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Do not underestimate Russia. That is just what many commentators are doing these days as they look at its declining population, its collapsing stock market, its dangerous reliance on oil and gas exports, the dismal style of its political leadership, its docile parliament, its aggressive foreign policy, its revoltingly rich oligarchs, its rampant crime and corruption and much else.

But things may not be nearly as bad as they appear and it could be that beneath the unattractive veneer a very different and far more appealing Russia is waiting to escape the past and shed its gloomy image.

Unfortunately, the country’s political leaders and policymakers are doing very little to help it along this happier path. Russia comes across as a surly and aggressive former giant, quick to take offense and ready to play the bully with its smaller neighbors. Its concept of a commonwealth of surrounding countries, the relic of old Russian empire, seems to be to threaten or invade outright, as in the case of Georgia, rather than coexist with respect and harmony. Its idea of using its energy dominance as a political weapon is utterly shortsighted and will certainly backfire, as its Western European customers make it a priority to reduce their reliance on Russian gas supplies.

This is an aim in which they will succeed in a few years, with the construction of gas pipelines from Central Asia that bypass Russia, with a big increase in local gas sources and with the expansion of nuclear electricity.

Meanwhile, the Russian political style remains redolent of the communist era, or even the czarist era, with Moscow’s dreadful traffic jams cleared for political bosses to speed through and a remote Kremlin administration dominated by the absurdly orchestrated personality cult of Prime Minister Vladimir Putin, still the president in all but name. Ministers are appointed at whim, rising and falling as in a medieval court, and accountable not to the public but only to the top boss.

Yet there is another Russia with quite a different image. This is the bustling Russia of art, innovation, design, diversity, theater, music and musicians. It is the Russia of technological brilliance and creativity, of a high degree of culture and education, of a level of mass literacy and appreciation for great writers and artists that puts the West to shame.

And these are just the qualities that will lift nations and societies to greatness in this age of global networks.

A Russia of this kind could be the attractive center of a supportive commonwealth. It could take a leaf out of the British book and learn how to transform old dominions into new and equal friends. The Russia of Putin, with its nationalist drum-beating and silly posturing, as well as its yacht-loving plutocrats and its pervasive criminality, was fed by the cascade of riches from high oil prices. Now these have gone, and are unlikely to return for some time, there could be changes.

Far from being a disaster for Russia, the oil-price collapse could be the opening for Russia to achieve glorious and powerful diversity and build on its true qualities. Personalities like the dazzling young Daria Zhukova could set the new tone as a sort of renaissance woman combining all the potential assets of a new and different Russia — art, enterprise, amazing beauty.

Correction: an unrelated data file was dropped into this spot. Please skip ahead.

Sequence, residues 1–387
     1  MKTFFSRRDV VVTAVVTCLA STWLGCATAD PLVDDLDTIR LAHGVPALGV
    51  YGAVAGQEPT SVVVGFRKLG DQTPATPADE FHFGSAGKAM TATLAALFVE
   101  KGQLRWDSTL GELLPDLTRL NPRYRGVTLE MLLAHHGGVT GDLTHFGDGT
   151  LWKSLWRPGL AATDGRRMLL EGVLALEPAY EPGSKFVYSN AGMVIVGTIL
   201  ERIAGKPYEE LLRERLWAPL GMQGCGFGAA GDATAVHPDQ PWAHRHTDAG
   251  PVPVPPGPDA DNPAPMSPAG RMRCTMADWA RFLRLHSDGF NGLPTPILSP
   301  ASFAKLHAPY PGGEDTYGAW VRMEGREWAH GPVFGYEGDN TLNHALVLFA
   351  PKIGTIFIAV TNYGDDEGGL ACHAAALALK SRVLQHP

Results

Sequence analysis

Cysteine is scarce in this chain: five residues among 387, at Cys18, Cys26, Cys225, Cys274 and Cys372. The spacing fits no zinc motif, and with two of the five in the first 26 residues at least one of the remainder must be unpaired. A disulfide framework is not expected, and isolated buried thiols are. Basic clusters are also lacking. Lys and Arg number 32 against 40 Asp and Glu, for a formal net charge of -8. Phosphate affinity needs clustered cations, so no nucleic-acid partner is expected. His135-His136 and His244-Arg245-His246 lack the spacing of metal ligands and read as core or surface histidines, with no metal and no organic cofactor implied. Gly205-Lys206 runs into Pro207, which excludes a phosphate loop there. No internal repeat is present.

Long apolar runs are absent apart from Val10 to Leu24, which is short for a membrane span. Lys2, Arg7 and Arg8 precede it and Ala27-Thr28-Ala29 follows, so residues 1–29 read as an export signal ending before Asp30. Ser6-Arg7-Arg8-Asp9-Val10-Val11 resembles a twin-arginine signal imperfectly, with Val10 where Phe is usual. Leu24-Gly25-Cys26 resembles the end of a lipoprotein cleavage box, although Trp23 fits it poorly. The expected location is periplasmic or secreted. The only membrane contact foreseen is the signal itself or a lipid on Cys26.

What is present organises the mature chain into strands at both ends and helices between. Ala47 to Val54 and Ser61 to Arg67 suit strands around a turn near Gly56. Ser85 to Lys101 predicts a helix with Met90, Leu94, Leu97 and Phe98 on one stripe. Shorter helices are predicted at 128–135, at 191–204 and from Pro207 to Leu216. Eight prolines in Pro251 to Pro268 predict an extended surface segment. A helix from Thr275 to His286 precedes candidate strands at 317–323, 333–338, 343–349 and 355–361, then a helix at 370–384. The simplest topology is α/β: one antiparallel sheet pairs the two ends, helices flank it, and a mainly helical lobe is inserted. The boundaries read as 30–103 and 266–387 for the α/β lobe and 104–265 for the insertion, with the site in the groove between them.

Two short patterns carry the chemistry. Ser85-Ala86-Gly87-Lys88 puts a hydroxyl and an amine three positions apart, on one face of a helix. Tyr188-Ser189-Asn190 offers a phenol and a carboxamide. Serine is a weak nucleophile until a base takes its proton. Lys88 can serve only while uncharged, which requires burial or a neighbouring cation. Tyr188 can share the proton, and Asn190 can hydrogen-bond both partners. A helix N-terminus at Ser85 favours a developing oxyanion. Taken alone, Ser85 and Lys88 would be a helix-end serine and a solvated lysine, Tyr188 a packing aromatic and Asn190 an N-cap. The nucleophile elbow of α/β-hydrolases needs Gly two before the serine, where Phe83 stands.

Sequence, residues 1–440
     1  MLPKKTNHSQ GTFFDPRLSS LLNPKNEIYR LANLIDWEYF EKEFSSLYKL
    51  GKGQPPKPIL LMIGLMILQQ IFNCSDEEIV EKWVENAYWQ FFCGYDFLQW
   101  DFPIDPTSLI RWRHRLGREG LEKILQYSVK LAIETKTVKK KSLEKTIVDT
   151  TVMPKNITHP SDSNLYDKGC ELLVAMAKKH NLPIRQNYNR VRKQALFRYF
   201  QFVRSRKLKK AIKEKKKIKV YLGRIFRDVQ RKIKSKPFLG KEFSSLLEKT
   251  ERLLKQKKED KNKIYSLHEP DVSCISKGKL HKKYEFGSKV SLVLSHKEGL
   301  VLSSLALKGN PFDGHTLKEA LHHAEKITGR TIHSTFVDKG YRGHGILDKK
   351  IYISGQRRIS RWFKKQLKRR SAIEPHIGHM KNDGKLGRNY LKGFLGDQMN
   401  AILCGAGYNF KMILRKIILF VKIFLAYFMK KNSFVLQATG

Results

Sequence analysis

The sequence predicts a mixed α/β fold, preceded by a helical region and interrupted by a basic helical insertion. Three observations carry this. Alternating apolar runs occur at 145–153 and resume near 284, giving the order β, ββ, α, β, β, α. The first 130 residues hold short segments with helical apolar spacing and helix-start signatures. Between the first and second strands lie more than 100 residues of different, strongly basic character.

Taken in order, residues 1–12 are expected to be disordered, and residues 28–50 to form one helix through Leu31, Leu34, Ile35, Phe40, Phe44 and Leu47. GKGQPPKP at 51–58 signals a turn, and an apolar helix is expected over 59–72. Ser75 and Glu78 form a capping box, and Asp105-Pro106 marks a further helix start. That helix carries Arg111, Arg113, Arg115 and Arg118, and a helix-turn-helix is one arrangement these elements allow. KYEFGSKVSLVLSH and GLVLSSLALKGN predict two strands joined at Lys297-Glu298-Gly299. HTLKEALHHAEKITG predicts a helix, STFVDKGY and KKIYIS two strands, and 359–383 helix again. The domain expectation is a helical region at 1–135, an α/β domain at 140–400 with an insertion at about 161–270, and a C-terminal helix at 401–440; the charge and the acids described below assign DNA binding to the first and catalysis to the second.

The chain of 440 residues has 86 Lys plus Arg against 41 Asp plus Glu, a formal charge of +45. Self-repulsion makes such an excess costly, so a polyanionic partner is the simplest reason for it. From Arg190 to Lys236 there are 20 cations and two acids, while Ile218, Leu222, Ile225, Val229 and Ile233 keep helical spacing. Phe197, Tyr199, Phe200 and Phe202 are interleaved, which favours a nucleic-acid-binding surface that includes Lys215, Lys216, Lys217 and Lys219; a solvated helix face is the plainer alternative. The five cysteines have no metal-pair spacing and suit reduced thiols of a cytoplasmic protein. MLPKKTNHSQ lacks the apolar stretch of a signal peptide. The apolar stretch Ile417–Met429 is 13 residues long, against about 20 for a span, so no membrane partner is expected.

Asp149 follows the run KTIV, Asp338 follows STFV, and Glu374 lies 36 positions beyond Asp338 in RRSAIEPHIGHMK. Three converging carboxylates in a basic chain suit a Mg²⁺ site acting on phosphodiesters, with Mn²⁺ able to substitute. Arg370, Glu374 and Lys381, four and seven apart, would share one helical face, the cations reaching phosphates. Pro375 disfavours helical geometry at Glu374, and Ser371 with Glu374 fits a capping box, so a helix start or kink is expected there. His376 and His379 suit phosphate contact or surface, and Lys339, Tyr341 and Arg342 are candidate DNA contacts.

Perhaps this is what modern Russia really needs above all — a woman’s touch. The women of Russia could surely do a better job than the backward-looking machismo men who have led it to nowhere. The world badly needs such a Russia, not just for its resources but for its positive influence in building new international institutions to replace the faltering or hollowed out 20th-century structures such as the U.N. Security Council, the International Monetary Fund, the North Atlantic Treaty Organization and many others.

Perhaps above all, it needs Russia to help revise the regime to curb nuclear proliferation and to carry forward the emerging Obama vision of a world free of nuclear weapons. In particular the world needs Russia to handle the prickly problem of Iranian nuclear ambitions. Russia’s present leaders just do not seem to have thought through what a nuclear Iran would do to the whole Middle Eastern and Central Asian regions, and to the security of Russia itself.

Russia is everybody’s neighbor — Europe’s, China’s, Japan’s. It is the pivotal territory between Asia and Europe, and between the Arctic and the Middle East. It is in everybody’s interest to see the Russian people secure and prosperous and making the best of their colossal talents. So yes, let’s see the women of Russia take over, not because they would somehow be a softer touch or lose sight of Russia’s interests, but because they would understand the modern world more perceptively and how Russia could best to contribute to it. That would be a great change for the better for the whole global community.

David Howell is a former British Cabinet minister and former chairman of the Commons Foreign Affairs Committee. He is now a member of the House of Lords.

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